The preferred configuration is a 1 GHz processor, XP or 2000, 1 GB of disk space, and 512 MB of RAM. The CCNA or CCNP version will run fine on the minimum requirements. We did our testing on a PIII 800 MHz system with 512 MB of RAM, and a 2.4 GHz system with 512 MB of RAM. We couldn't really see a difference between the two systems on the virtual Cisco lab.

For those who choose to run MIMIC on Linux or Solaris, the requirements are pretty minimal. The Linux requirements are:

  • Intel Pentium 500 MHz or faster
  • Red Hat 7.1 or higher
  • SuSE 6.1 or higher
  • Caldera OpenLinux 2.3 or higher
  • Mandrake 9.0 or higher
  • 300 MB of disk space
  • 256 MB of RAM
  • Any NIC supported by Linux

There are two Solaris versions: one for the SPARC platforms and one for the Intel platform. For the SPARC, you need an Ultra Sparc5 or faster, Solaris 2.6, 7, 8 or 9,300 MB of disk space, 256 MB of RAM, and a NIC. For the Intel version of Solaris, you have the same hardware requirements as for Linux, and you need Solaris for Intel version 8.

Windows 98 and Windows Me are not recommended or officially supported because of the overhead of the Java requirements. This isn't to say that it won't run on 98 or Me; it's just not recommended, and our testing verified this with slow response times.

What do you get with MIMIC?

MIMIC comes with a variety of canned labs that lean toward the WAN side of the Cisco certification. The labs are not as comprehensive as those in some simulators, such as Boson's NetSim. One of the outstanding features of MIMIC is the support of Border Gateway Protocol (BGP). The only other vendor to support BGP is Boson, but it's not a full implementation. You must know BGP in order to pass the Cisco Certified Network Professional (CCNP) tests, but acquiring real-world experience can be difficult. MIMIC also covers OSPF and EIGRP to round out the WAN routing labs, and there's the expected RIP and frame relay support and labs.

To use a lab, you select it and then click Apply to configure the hardware with the basic configuration needed for the lab. This spares you from having to type in a bunch of commands just to get ready for the lab. In each lab, MIMIC shows you which pieces of equipment are live and outlines them in green. Red means the equipment is in the "off" state and not part of the lab.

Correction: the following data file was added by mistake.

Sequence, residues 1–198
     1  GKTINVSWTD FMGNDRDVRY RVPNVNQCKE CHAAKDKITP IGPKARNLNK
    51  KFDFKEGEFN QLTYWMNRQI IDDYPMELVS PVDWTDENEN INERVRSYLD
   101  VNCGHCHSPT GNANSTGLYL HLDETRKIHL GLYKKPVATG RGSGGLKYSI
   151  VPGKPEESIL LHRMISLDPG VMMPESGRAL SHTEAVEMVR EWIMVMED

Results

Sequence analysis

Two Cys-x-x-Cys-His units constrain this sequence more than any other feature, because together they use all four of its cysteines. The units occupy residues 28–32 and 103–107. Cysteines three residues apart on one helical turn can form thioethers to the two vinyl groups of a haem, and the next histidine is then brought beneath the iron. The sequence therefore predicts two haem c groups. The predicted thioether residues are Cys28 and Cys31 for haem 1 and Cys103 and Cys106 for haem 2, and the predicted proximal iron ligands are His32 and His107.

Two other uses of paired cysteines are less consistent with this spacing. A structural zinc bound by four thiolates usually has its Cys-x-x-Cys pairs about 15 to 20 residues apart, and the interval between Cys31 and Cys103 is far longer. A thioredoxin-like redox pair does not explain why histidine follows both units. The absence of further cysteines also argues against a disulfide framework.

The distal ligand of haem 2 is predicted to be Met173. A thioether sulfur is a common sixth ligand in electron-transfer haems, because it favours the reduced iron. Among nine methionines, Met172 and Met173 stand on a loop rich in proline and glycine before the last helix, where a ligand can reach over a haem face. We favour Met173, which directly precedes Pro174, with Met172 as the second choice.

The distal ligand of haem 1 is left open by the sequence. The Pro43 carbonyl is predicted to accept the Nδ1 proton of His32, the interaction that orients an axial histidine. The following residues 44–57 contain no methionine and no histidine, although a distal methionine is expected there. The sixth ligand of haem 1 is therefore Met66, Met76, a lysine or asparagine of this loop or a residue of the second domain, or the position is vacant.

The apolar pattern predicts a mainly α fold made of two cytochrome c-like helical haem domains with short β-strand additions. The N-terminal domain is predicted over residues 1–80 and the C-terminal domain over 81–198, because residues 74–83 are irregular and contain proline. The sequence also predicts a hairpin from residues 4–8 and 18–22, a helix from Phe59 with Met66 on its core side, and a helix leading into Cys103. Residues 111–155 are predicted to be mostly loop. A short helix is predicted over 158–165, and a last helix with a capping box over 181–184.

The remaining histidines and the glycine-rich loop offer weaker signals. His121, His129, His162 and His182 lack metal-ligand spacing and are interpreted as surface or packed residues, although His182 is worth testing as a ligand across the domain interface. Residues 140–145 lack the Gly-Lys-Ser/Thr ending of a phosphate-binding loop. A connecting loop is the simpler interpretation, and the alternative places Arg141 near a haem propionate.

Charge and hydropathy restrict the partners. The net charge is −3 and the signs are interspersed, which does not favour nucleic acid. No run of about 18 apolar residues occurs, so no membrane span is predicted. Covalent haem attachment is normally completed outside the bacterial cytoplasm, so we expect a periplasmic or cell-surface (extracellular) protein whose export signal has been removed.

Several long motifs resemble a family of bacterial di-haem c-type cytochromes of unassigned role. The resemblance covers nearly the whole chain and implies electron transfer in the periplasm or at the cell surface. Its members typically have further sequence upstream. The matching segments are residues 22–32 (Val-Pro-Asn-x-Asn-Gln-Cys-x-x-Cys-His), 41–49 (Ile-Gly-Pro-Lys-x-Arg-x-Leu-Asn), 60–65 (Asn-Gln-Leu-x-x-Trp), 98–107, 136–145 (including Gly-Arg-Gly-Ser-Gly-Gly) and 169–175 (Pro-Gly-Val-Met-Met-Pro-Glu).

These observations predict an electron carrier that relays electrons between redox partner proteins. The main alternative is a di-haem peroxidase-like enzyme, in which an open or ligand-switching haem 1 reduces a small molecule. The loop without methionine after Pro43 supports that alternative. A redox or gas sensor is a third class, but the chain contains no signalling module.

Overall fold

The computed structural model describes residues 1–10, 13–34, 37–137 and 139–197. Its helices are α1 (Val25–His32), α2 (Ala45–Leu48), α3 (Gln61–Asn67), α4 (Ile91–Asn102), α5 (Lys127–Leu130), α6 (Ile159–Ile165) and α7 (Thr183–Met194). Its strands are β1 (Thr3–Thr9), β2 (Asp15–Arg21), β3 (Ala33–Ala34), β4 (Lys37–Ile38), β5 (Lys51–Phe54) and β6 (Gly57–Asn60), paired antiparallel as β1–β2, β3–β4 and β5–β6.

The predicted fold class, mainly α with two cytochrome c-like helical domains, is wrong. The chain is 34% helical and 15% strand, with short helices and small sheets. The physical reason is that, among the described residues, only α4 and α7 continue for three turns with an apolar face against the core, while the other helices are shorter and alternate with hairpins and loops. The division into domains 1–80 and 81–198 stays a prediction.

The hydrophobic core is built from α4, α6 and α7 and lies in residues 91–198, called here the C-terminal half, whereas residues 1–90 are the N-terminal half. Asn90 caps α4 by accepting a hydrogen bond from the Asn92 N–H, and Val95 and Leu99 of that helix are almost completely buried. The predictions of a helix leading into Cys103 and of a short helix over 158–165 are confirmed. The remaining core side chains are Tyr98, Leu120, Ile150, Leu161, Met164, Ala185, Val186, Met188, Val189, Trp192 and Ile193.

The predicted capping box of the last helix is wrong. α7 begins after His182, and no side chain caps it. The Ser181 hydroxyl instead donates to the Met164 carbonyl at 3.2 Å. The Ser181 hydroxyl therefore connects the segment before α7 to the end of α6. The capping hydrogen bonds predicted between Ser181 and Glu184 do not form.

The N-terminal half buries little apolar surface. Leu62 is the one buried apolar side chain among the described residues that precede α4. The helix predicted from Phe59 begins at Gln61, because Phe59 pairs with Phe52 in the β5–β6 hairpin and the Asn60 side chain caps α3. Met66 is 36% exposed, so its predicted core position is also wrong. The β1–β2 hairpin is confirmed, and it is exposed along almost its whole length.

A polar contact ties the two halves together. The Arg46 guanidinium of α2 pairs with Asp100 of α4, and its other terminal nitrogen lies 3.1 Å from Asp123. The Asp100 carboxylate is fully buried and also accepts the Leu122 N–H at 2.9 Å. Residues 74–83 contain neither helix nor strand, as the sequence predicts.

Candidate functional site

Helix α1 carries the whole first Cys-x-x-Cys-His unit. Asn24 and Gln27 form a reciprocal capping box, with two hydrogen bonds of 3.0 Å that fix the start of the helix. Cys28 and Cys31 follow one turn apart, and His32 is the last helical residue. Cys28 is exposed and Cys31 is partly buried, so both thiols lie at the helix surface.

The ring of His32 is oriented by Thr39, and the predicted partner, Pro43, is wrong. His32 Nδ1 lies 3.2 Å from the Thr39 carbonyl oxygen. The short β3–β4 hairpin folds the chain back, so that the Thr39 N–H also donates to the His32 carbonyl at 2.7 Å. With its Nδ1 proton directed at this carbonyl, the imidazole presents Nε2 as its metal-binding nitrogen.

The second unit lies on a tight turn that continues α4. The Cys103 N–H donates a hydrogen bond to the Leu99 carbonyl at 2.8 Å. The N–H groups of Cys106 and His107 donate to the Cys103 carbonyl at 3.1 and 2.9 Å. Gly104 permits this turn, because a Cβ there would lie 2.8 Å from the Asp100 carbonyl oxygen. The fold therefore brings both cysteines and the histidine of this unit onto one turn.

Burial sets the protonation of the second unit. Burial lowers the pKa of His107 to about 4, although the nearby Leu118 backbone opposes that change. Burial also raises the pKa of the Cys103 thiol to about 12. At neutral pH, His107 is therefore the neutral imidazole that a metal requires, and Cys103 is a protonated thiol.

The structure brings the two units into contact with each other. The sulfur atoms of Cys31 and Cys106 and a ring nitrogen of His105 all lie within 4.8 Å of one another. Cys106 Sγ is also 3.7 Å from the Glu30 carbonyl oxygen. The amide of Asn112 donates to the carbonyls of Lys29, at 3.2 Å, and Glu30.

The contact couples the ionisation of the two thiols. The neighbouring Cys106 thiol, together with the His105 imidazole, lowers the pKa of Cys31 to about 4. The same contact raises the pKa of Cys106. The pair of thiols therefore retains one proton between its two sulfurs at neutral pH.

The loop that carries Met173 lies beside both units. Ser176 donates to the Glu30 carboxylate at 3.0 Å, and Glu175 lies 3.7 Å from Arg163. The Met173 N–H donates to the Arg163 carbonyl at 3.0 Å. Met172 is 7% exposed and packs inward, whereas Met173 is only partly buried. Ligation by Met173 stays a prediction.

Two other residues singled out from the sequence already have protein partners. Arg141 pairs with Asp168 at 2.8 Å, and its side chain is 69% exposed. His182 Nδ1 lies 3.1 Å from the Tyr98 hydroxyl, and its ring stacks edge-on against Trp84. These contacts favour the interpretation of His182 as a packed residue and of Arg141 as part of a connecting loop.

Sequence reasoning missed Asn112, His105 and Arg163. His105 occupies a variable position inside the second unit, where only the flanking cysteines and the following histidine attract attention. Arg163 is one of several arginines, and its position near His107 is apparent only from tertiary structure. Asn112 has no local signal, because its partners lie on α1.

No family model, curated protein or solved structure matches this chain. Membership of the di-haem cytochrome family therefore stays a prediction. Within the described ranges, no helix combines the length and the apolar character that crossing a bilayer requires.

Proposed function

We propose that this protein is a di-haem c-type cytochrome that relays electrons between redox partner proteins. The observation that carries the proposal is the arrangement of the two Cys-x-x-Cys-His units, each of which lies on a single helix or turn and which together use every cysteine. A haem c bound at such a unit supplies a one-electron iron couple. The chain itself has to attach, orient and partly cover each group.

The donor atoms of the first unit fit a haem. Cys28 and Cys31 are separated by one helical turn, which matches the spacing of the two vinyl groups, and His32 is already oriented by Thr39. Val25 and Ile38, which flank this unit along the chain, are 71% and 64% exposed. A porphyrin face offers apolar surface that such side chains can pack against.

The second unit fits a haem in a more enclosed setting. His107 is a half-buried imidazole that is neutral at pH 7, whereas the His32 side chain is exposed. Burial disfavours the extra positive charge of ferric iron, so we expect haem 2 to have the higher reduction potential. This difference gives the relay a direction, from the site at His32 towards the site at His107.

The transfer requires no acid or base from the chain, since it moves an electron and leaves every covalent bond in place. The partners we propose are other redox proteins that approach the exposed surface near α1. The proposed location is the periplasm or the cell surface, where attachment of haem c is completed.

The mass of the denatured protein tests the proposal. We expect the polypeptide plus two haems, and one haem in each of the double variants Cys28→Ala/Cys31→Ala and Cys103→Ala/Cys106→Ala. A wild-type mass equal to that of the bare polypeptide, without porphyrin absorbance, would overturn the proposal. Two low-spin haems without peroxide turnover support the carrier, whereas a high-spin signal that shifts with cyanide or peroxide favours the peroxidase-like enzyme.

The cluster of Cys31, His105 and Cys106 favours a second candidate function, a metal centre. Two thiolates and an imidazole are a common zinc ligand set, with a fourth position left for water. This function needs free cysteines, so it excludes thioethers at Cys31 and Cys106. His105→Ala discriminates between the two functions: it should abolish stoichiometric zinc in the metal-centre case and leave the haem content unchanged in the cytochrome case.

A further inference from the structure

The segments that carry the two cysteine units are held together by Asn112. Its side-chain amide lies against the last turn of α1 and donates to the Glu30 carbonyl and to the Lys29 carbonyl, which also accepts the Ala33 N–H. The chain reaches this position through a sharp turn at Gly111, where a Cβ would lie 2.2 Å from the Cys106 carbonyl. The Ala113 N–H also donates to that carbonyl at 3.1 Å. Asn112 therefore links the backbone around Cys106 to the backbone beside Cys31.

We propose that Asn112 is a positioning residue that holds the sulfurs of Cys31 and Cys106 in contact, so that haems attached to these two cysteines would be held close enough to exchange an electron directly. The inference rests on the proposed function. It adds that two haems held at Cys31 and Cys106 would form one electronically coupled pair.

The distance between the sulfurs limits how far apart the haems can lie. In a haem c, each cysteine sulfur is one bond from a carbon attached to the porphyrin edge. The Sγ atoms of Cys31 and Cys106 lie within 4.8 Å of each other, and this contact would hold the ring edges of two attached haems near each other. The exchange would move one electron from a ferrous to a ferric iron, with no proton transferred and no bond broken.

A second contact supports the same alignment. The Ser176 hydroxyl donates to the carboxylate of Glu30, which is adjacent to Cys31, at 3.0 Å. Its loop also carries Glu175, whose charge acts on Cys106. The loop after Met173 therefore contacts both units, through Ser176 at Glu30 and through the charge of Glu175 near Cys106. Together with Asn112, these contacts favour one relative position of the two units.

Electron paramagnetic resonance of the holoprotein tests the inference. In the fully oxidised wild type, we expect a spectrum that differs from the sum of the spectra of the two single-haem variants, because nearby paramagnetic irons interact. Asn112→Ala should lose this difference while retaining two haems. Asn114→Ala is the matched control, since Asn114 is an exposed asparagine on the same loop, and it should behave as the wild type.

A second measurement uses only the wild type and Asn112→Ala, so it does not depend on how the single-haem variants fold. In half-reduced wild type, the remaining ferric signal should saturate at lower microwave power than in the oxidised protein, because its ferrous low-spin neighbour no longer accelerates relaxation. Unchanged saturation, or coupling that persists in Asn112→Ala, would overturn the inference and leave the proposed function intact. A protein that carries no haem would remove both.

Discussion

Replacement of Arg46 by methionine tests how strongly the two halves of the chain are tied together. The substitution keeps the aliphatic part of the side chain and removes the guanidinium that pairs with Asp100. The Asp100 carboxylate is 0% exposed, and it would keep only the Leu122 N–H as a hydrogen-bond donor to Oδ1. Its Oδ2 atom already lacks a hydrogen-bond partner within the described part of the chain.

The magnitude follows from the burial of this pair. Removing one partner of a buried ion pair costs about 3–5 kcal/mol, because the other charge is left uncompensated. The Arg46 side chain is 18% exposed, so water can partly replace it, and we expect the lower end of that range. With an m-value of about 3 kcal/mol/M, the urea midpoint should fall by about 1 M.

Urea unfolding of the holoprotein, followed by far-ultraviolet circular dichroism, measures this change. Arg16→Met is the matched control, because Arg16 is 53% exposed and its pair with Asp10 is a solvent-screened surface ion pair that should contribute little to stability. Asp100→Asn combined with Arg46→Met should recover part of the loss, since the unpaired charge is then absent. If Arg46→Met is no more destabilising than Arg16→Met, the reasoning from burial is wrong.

A helpful feature of the virtual Cisco lab is that you can right-click on any piece and get a dialog box with information on the equipment and the various login names and passwords. Another feature is that you can configure the IP subnet range to be either within your network space or in its own IP space.

Upcoming features

Gambit is continually improving its product and plans to implement new features, such as:

  • SSH support for virtual hardware
  • IP version 6 support
  • Enhanced IOS support
  • Console support along with the current telnet support

IP version 6 will be great as a training aid for network staff and other interested parties. SSH will let you better reflect a production network with security options in place. We always like to see more supported IOS commands and structures.


MIMIC virtual lab is a very powerful network simulator with the ability to emulate a real network and other vendor devices. With new features such as SSH and console support, MIMIC can be a highly useful training tool and network design aid.